Three researchers on Tuesday shared the 2018 Nobel Physics Prize for inventions in the field of laser physics that have paved the way for advanced precision instruments used in corrective eye surgery and industry, the jury said.
Arthur Ashkin of the United States won one half of the nine million Swedish kronor (about $1.01 million or 870,000 euro) prize, while Gerard Mourou of France and Donna Strickland of Canada shared the other half.
Ashkin, 96, was honored for his invention of “optical tweezers” that grab particles, atoms, viruses and other living cells with their laser beam fingers.
With this he was able to use the radiation pressure of light to move physical objects, “an old dream of science fiction,” the Royal Swedish Academy of Sciences said.
Ashkin, who is Jewish, is the oldest person ever named as a laureate for any of the prestigious Nobel awards.
Meanwhile Mourou, 74, and Strickland — only the third woman to win the Physics Prize — won for together developing a method to generate ultra-short optical pulses, “the shortest and most intense laser pulses ever created by mankind,” the jury said.
Their technique is now used in corrective eye surgery.
BREAKING NEWS⁰The Royal Swedish Academy of Sciences has decided to award the #NobelPrize in Physics 2018 “for groundbreaking inventions in the field of laser physics” with one half to Arthur Ashkin and the other half jointly to Gérard Mourou and Donna Strickland. pic.twitter.com/PK08SnUslK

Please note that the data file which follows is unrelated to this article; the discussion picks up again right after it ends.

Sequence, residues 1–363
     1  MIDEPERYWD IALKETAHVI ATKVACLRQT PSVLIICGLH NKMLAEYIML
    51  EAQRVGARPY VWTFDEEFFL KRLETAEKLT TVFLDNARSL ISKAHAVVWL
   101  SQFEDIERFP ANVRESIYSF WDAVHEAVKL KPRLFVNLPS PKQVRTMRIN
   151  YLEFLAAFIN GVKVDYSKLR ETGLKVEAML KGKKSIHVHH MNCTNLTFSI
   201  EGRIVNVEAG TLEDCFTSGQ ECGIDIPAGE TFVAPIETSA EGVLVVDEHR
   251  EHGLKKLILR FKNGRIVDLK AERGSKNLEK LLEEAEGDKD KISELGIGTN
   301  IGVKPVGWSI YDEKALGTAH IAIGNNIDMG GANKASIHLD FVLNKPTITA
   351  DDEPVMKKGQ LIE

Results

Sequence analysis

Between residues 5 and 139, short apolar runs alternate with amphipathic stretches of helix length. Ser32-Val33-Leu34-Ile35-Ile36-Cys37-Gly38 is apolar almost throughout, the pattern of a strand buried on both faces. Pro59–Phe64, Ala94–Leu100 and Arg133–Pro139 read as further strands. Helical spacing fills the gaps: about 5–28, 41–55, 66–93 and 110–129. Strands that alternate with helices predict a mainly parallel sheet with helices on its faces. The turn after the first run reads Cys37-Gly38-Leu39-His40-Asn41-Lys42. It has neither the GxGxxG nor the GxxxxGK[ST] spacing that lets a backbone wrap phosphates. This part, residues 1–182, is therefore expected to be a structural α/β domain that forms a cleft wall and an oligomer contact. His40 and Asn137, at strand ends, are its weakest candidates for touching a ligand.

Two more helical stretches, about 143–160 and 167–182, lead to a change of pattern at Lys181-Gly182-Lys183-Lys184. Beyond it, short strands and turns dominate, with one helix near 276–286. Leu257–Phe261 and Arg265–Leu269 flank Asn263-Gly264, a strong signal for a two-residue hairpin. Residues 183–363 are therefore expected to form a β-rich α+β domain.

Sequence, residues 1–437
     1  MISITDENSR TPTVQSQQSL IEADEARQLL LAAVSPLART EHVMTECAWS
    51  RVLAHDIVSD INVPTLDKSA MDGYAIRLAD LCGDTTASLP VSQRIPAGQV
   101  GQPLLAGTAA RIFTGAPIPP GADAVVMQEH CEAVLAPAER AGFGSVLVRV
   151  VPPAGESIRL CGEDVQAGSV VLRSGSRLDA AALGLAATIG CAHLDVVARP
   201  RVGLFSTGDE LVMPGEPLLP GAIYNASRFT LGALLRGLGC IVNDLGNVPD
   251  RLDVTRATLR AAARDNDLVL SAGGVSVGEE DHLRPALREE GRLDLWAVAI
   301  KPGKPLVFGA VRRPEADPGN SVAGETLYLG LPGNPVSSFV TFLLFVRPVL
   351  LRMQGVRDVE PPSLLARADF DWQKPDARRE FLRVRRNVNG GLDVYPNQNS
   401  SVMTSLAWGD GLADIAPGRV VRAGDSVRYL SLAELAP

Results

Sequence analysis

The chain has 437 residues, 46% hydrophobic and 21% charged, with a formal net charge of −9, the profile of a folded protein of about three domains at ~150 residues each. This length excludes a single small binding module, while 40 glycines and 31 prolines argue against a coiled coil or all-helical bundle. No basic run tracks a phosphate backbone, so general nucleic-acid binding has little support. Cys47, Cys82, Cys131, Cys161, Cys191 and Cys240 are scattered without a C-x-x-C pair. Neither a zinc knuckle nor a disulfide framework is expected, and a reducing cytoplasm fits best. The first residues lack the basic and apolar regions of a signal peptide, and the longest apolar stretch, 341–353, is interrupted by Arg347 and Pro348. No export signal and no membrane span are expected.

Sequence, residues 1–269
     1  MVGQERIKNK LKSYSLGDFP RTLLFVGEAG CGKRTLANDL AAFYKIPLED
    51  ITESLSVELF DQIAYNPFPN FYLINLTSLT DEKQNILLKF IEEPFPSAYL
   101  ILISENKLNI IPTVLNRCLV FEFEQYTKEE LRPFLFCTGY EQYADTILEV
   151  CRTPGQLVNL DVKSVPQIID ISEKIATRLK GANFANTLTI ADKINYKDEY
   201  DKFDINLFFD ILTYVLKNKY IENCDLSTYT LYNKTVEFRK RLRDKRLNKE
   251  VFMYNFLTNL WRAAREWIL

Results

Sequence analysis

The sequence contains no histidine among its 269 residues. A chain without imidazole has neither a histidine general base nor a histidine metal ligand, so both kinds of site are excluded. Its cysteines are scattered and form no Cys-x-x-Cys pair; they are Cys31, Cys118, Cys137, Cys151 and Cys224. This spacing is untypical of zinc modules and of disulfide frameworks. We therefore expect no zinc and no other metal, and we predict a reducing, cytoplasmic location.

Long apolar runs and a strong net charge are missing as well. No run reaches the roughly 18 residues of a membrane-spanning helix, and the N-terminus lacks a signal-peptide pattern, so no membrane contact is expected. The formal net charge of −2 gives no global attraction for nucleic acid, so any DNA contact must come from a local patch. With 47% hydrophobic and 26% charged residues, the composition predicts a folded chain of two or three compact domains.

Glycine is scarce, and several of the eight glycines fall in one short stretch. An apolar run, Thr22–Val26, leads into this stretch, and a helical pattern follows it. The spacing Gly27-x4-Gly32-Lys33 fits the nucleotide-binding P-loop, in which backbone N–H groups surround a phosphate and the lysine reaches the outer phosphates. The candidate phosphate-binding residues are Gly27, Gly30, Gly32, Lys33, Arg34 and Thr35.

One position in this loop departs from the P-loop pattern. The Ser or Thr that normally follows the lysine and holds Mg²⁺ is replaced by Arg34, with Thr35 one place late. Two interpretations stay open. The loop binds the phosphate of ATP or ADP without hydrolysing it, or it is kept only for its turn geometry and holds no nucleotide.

— The Nobel Prize (@NobelPrize) October 2, 2018
Strickland is the first female Nobel laureate to be named in three years and is only the third woman to have won the physics prize; the first was Marie Curie in 1903.
“Obviously we need to celebrate women physicists, because we’re out there. And hopefully in time it’ll start to move forward at a faster rate, maybe,” Strickland said in a phone call with the academy after the prize announcement.
Last year, US astrophysicists Barry Barish, Kip Thorne and Rainer Weiss won the physics prize for the discovery of gravitational waves, predicted by Albert Einstein a century ago as part of his theory of general relativity.
On Monday, two immunologists, James Allison of the US and Tasuku Honjo of Japan, won this year’s Nobel Medicine Prize for research into how the body’s natural defences can fight cancer.
The winners of the chemistry prize will be announced on Wednesday, followed by the peace prize on Friday. The economics prize will wrap up the Nobel season on Monday, October 8.
For the first time since 1949, the Swedish Academy has postponed the announcement of the 2018 Nobel Literature Prize until next year, amid a #MeToo scandal and bitter internal dispute that has prevented it from functioning properly.